Awards and More

Issue Date: 
November 2, 2009

Mary Besterfield-Sacre and Joseph McCarthy, two professors in Pitt’s Swanson School of Engineering, are among 49 young engineering researchers and educators selected to present their novel approaches to engineering education at the National Academy of Engineering’s (NAE) inaugural Frontiers of Engineering Education (FOEE) symposium, scheduled for Nov. 15-18 in Herndon, Va.

Besterfield-Sacre, a professor in the Department of Industrial Engineering and Fulton C. Noss Faculty Fellow, will discuss her current project to develop a tool for evaluating team-based design processes and the factors that result in a quality design and prototype. Besterfield-Sacre has designed several models for evaluating engineering student learning. In addition, she developed the Pittsburgh Freshman Engineering Attitudes Survey to measure students’ perspectives on engineering and their confidence is pursuing an engineering career. The survey is widely used in engineering schools to predict which students will complete engineering programs in good standing.

McCarthy, a professor and William Kepler Whiteford Faculty Fellow in the Department of Chemical and Petroleum Engineering, created a block-scheduled engineering curriculum intended to increase student motivation and help students understand the interconnectedness of their discipline. Instead of loading students with a variety of smaller chemical engineering classes each semester, McCarthy’s model breaks the discipline into six “pillars”—or main courses—and presents one pillar per semester as a two-hour class, five days a week. McCarthy will explain that after seven years in practice, the expanded class time and integrated laboratory experiences have resulted in more hands-on student experiences, an increase in student-assessment scores, and better professor-student interactions.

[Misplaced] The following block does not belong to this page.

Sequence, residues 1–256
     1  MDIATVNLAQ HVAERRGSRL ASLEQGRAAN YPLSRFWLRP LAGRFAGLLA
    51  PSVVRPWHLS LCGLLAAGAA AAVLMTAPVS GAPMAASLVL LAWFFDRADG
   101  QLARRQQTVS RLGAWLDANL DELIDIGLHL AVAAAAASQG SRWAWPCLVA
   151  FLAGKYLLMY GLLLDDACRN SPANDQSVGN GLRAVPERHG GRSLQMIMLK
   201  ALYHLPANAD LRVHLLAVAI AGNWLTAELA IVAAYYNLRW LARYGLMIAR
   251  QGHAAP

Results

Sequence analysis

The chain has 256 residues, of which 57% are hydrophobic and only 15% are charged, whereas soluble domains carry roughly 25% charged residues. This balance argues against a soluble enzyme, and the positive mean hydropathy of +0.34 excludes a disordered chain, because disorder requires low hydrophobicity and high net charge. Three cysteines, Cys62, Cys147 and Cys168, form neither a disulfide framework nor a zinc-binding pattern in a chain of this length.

Karen VanderVen, professor in the University of Pittsburgh Department of Psychology in Education in Pitt’s School of Education, received the LifeTime Achievement Award from the Academy of Child and Youth Care Professionals. VanderVen’s interests include early childhood education with a special focus on play, professionalization of early childhood and child and youth work, leadership development, the developmental role of activity, practical strategies for activity programming, and intergenerational and life-span practices. VanderVen earned an AB degree in psychology at Vassar College and an MS degree in child development and child care and a PhD degree in education at Pitt.

Nicole Bourbonnais, a doctoral candidate in the University of Pittsburgh Department of History in the School of Arts and Sciences, has been awarded a doctoral fellowship from the Social Sciences and Humanities Research Council (SSHRC) of Canada for her research, which traces the history and evolution of family planning in the Caribbean.

Bourbonnais, who received a bachelor’s degree in history from the University of British Columbia, studies Caribbean and Latin American history at Pitt. She will receive $20,000 Canadian (about $18,000 U.S.) per annum for four years while she is enrolled in the doctoral program. Bourbonnais’ experience as a sex-education project volunteer in 2003 for Youth Challenge International, a Toronto-based nongovernmental aid organization in Guyana, sparked her personal and scholarly interest in the region.